A second factor that is affecting the appropriations process is money itself. With the national debt approaching nine trillion dollars, there is little room to just spend borrowed money. In a way, the national credit card is becoming maxed out. If you want to increase spending, there are now rules that require you to find the extra money somewhere else, either by cuts in spending or instituting new taxes. Both of these are difficult, hence the process grinds to a halt. A good staffer on Capitol Hill who knows where to find untapped money is worth his/her weight in gold. Some programs that were once ignored are now on the hit list, because if they are cut, money could be spent elsewhere. The appropriations bills spend money for non-entitlement or discretionary programs. If there is very little money, appropriating becomes very tedious, not very interesting, for Congress.

There is a fatigue factor involved here, too. The appropriations process is tough enough; the decisions are hard, the quantities of money are huge and the solutions to the problem are almost intractable. Who can blame Congress for punting? The federal budget is by all accounts, (I have never heard of anyone dispute this) a disaster. In very short order, all of the discretionary budget will be consumed by Medicare and interest payments. Solving the problem will involve opening the biggest Pandora’s box in the country’s fiscal history.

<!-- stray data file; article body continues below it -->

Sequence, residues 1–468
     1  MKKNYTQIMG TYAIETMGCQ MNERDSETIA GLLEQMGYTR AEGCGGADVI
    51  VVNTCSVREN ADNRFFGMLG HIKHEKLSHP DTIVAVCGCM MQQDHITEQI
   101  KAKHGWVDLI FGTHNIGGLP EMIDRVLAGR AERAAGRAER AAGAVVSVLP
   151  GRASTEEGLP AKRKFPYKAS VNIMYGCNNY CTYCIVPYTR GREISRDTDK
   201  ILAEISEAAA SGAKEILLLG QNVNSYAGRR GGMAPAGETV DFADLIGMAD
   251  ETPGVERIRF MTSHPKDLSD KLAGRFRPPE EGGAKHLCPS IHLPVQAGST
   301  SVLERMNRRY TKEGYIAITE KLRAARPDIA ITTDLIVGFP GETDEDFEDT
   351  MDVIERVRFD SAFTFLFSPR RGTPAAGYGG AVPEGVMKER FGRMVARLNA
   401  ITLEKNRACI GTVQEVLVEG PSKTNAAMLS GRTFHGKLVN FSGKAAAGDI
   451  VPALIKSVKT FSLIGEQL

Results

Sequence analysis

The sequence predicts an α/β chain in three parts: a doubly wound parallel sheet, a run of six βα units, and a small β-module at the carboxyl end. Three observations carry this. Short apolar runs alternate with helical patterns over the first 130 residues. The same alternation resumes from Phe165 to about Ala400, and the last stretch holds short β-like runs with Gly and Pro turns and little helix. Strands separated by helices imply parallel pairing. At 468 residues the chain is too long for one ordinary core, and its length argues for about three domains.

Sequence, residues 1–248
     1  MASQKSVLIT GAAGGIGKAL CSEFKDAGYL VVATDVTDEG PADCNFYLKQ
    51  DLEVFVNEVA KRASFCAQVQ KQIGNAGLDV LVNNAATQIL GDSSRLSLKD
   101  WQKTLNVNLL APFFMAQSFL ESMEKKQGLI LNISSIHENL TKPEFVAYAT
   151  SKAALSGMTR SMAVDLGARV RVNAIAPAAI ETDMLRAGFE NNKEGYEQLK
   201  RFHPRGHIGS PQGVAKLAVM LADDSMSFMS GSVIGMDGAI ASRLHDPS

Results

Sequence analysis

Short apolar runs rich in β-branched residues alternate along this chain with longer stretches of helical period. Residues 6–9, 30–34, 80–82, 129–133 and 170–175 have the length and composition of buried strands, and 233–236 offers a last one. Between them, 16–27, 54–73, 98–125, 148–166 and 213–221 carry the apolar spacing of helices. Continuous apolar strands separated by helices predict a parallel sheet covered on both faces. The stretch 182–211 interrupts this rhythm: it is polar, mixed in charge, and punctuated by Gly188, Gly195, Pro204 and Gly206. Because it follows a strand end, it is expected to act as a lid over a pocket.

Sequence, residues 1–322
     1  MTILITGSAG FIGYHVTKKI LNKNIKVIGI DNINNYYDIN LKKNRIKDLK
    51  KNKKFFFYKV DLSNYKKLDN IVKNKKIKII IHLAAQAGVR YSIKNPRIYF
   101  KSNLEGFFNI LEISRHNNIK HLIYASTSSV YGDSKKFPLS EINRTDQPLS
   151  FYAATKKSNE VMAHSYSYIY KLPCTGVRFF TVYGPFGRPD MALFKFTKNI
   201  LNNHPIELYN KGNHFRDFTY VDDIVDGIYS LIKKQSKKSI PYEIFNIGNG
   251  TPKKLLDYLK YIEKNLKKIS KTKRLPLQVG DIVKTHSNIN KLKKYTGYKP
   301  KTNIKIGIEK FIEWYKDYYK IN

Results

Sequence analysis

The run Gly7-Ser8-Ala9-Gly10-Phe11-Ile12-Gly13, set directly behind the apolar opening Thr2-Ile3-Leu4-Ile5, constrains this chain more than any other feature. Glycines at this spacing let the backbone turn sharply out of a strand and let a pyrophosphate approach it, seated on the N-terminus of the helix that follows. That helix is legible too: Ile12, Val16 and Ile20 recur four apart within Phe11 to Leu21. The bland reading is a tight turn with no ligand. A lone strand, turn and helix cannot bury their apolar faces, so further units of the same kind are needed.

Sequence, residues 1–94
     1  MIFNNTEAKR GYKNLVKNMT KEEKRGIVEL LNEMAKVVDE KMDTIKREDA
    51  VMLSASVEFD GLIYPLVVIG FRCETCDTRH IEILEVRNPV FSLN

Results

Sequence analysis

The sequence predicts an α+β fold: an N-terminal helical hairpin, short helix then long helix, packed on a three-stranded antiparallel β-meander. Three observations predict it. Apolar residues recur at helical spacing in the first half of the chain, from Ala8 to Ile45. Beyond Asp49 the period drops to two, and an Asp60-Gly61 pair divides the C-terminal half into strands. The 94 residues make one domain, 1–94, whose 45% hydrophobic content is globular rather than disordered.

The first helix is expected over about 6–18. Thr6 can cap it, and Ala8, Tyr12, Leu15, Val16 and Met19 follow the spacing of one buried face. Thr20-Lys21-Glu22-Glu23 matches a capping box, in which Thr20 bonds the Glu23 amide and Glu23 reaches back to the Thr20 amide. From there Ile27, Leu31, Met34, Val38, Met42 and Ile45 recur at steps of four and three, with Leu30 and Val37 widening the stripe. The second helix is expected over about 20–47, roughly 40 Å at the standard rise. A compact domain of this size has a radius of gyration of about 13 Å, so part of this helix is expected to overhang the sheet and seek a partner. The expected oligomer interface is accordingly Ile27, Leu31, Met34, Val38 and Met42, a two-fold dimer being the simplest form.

Ironically, in an article about the appropriations process, the problem of Medicare and interest on the debt is not about the process at all. Medicare and interest payments are not part of the appropriations process; the money for this is automatically appropriated. If my mother and father need medical care, the money must be spent. Congress can change the rules, but the spending keeps going. Medicare, created in the 1960s, started this march of “entitlement spending” of automatic appropriations, but it is not that new. Alexander Hamilton started at the very beginning of the nation’s history by setting interest payments on autopilot two hundred years ago. No one would loan our little Republic any money if they thought they would have to wait for Congress to appropriate it, would they?

Now Congress has started the process for the year that begins October 1, 2008. It is almost an absolute certainty that the appropriations bills will not be finished by then. On top of this, there are Supplemental Appropriations for this year that need to be considered for all the emergency spending that always happens every year, such as floods, fires and of course a war in Iraq and Afghanistan. The most important function of Congress, the responsibility to appropriate funds, something enshrined in the constitution and in fact can be traced back to the Magna Carta, has become problematic. Don’t despair however; Congress may take its time, but when they have to, they always figure out a way, at the very last minute, to do what needs doing to keep the money flowing. Death and taxes are not the only certain things in life!